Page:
One Fine Meal: Classic meets contemporary at Kaiser’s Chophouse in Sandy Springs

From Keen’s in New York to Bern’s in Tampa, the classic American steakhouse abides, embodying both history and indulgence.

Newer places, like Kevin Rathbun Steak in Atlanta, celebrate that same tradition, while offering menu items you don’t always see on steakhouse menus, including sushi and contemporary seafood dishes.

Kaiser’s Chophouse in Sandy Springs, from veteran Atlanta chef Peter Kaiser, is another example of that trend. And, not surprisingly, Kevin Rathbun, a longtime colleague and friend of Kaiser, is an investor and consultant in the business.

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Credit: Bob Townsend

Credit: Bob Townsend

I wrote about Kaiser’s a few weeks after it opened in May 2017, and I quoted its mission statement, about offering “an elevated dining experience with quality cuts of meats, superior ingredients and a boutique wine and cocktail program.”

Kaiser, who originally is from Liechtenstein, came to Atlanta in 1986, and worked as an executive chef for both the Buckhead Life and (now defunct) Here to Serve restaurant groups, before finally opening a restaurant of his own.

Some four years on, Kaiser’s can be a tough reservation, drawing the kind of classy, clubby crowd that used to be exclusive to Buckhead. And, though it faces a strip center, the design by the Johnson Studio creates an elegant mix of contemporary and traditional elements that matches the sprawling menu.

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Credit: Bob Townsend

Credit: Bob Townsend

Steak is the star, of course, and the novel and expensive 8-ounce spinalis cut is prized for its sublimely rich, tender meaty essence. Other options range from a barrel-cut filet to a big prime dry-aged cowboy rib-eye and a bigger prime dry-aged porterhouse for two.

Many of the starters are large enough to share, with grilled thick-cut bacon, fried calamari, wagyu short rib dumplings and pan-seared foie gras among the decadent treats. From there, you’ll find chilled seafood, sushi, soups and salads.

Kaiser’s specialties include roasted Bay of Fundy salmon, caramelized diver scallops, and pappardelle Bolognese, a house favorite. But, the big bargain is the Kaiser burger, served with grilled Bermuda onions and Gruyere on a brioche bun.

Recently, I ordered a three-course meal, with some of my menu favorites.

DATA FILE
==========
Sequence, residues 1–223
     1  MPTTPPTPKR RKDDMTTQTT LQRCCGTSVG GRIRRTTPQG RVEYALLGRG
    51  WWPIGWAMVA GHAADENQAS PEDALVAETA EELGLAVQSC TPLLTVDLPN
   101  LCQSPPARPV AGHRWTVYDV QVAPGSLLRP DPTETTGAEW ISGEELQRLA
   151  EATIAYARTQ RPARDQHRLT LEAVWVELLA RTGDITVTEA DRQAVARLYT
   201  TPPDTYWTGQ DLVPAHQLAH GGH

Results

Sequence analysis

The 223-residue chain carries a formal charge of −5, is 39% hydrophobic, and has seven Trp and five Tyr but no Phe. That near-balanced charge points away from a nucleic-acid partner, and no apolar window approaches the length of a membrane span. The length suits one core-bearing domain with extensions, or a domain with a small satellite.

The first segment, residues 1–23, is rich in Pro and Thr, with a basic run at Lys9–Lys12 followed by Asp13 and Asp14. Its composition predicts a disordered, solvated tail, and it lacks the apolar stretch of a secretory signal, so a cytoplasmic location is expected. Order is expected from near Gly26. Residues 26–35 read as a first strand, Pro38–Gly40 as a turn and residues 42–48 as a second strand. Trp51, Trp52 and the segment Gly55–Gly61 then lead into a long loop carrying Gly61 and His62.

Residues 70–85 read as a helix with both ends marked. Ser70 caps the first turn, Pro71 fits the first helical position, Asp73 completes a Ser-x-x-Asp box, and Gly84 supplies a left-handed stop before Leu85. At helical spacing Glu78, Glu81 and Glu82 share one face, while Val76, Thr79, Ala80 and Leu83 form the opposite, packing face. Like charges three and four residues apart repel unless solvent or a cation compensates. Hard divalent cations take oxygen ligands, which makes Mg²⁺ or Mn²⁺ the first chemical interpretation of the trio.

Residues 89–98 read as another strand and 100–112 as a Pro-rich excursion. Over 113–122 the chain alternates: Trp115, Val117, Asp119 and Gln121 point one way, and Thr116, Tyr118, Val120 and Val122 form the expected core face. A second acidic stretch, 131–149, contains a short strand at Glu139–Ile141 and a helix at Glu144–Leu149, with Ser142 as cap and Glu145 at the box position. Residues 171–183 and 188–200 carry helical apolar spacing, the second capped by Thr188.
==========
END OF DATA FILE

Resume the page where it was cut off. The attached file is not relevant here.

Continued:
To start, fried Gulf oysters Rockefeller was a brilliantly deconstructed version of the classic, featuring plump, briny oysters with crunchy shells, perched on a bed of sauteed spinach, and topped with a wide strip of bright hollandaise sauce and crumbled bacon. It was pretty much a perfect pairing for a dry martini with a twist.

The main course had to be steak, and, for my money, there’s nothing better than a prime New York strip. Kaiser’s procures them from Allen Brothers in Chicago, and the cut and quality are, well, prime. The 8-ounce was just enough, with a beautiful sear, juicy center and end-flap of crispy fat.

To go with it, I ordered hand-cut fries with garlic-pepper dust. Piled on a plate with the steak, and a pool of pan sauce, it was everything, as they say nowadays. Maybe only a giant onion ring could have made it better.

Dessert was something of an afterthought, but the heavy flourless chocolate cake traveled really well, with dollops of whipped cream and chocolate sauce packaged on the side.

Certainly, Kaiser’s Chophouse is expensive, but, when it comes to a treat-yourself meal, you get what you pay for. And, when it comes to steak, prime has a price.


Menu: classic-meets-contemporary steakhouse

Alcohol: of course

Recommended dishes: prime steaks; seafood specials; Kaiser burger; pappardelle bolognese; sides, such as hand-cut fries and onion rings

Price range: soup, salad and appetizers, $9-$75; dinner entrees, $29-$102; desserts, $9-$12

Service options: dine-in; call to order takeout; curbside pickup available

Outdoor dining: patio with seven tables

Experience: This may not be the perfect place for takeout, but the quality and attention to detail are what you’d expect for the price. Also, steak travels surprisingly well. Order it rare, and give it a quick sear as soon as you get home. And, if you’re comfortable dining in, try to score a patio table on a weeknight, and prepare to indulge.

Address, phone: 5975 Roswell Road, Sandy Springs; 404-549-2882

Hours: 5:30-9 p.m. Tuesdays-Thursdays, 5:30-10 p.m. Fridays-Saturdays; bar opens at 5 p.m.


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